Table 2: IPCC [2] projections from 2020-2050.

irispublishers-openaccess-civil-structural-engineering

Table 2 shows that mean rises from 2020 to 2050 vary from 0.14 to 0.19 m (5.5 to 7.5 in). That is, the difference in projections between the most benign (SSP 1.9) and worst-case (SSP 8.5) scenario is only 0.05 m (2 in). Even the “low confidence” projections have mean values only 0.01 m higher than the SSP8.5 value from 2020-2050. Rises do not depend greatly on scenarios until after at least 2050. Houston [8] noted that some U.S. agencies have sea level rise projections that differ among themselves and with the IPCC [1], leading to confusion, a lack of credibility, and an undercutting of the IPCC. The U.S. government was the driving force that formed the IPCC to produce climate reports backed by the world’s leading climate scientists [9]. U.S. agencies should rally around using IPCC [2] climate change projections, including sea level rise projections [10].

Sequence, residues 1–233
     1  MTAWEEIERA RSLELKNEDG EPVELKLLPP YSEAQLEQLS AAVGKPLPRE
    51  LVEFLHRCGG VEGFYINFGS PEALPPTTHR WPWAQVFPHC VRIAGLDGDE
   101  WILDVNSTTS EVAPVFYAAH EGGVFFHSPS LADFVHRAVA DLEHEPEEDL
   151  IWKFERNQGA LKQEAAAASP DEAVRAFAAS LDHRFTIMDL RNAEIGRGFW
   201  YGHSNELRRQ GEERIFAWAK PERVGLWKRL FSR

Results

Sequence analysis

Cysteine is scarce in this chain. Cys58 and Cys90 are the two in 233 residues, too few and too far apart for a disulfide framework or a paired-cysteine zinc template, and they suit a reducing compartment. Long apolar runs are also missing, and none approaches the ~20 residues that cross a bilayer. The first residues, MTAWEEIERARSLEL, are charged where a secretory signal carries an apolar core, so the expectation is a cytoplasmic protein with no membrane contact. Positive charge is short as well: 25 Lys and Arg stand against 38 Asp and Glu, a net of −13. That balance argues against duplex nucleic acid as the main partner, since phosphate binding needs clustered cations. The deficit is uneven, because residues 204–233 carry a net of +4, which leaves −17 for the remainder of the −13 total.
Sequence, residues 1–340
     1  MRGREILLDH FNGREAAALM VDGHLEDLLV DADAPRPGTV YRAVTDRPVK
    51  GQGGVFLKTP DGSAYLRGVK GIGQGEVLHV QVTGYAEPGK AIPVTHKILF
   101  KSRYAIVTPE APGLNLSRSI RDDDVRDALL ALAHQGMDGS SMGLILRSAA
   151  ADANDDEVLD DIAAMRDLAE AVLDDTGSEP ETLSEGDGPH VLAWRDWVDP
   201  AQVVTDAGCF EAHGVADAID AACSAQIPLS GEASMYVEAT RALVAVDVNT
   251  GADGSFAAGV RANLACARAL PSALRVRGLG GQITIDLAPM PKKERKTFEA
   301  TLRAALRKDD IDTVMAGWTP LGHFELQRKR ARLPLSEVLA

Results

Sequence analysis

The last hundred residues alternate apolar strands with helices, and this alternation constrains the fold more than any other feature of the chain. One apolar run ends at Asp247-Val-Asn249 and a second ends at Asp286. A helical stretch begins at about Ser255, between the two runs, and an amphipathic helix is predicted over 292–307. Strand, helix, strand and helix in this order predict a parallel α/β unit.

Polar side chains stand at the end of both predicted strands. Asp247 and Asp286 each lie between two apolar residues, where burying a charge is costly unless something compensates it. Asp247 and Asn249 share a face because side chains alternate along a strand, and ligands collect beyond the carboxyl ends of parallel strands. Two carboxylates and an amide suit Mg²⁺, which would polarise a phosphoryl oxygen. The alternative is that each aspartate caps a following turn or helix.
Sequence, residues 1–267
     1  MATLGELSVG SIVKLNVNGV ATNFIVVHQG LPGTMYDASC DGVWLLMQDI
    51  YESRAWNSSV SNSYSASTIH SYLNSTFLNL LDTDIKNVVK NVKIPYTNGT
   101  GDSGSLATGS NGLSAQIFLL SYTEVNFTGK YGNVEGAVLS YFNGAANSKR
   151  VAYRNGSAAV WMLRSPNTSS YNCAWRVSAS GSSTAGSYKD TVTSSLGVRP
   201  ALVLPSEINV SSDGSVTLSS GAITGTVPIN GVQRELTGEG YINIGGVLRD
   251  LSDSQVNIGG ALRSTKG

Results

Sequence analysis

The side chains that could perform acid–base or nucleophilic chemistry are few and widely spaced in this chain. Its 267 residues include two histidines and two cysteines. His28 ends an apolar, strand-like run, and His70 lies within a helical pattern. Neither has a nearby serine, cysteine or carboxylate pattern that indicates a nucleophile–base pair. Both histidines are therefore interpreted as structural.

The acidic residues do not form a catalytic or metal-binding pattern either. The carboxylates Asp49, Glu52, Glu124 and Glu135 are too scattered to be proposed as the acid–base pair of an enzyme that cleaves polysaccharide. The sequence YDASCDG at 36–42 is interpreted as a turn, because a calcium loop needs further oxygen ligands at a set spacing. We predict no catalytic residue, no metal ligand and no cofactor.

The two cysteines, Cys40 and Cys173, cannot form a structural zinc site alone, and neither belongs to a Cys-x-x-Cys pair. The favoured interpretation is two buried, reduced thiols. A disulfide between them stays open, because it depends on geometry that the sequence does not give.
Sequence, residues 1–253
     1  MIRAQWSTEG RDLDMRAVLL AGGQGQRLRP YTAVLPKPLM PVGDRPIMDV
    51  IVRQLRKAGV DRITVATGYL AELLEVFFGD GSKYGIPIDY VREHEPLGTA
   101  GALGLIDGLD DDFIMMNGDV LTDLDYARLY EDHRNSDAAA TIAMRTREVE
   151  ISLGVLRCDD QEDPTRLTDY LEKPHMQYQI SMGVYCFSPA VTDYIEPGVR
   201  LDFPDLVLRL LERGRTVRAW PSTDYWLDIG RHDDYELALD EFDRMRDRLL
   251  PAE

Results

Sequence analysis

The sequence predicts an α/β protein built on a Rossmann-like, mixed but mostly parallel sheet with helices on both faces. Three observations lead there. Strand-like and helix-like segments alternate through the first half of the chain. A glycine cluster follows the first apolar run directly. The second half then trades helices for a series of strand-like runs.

Acknowledgment

None.

Cnflict of Interest

No conflict of interest.

References

  1. IPCC (2013) Climate Change 2013: The Physical Science Basis. Contribution of Working Group I to the Fifth Assessment Report of the Intergovernmental Panel on Climate Change. In: Stocker TF, Qin D, Plattner GK, Tignor M, Allen SK, et al. (eds.) Cambridge University Press, Cambridge, United Kingdom and New York, NY, USA, pp.1535.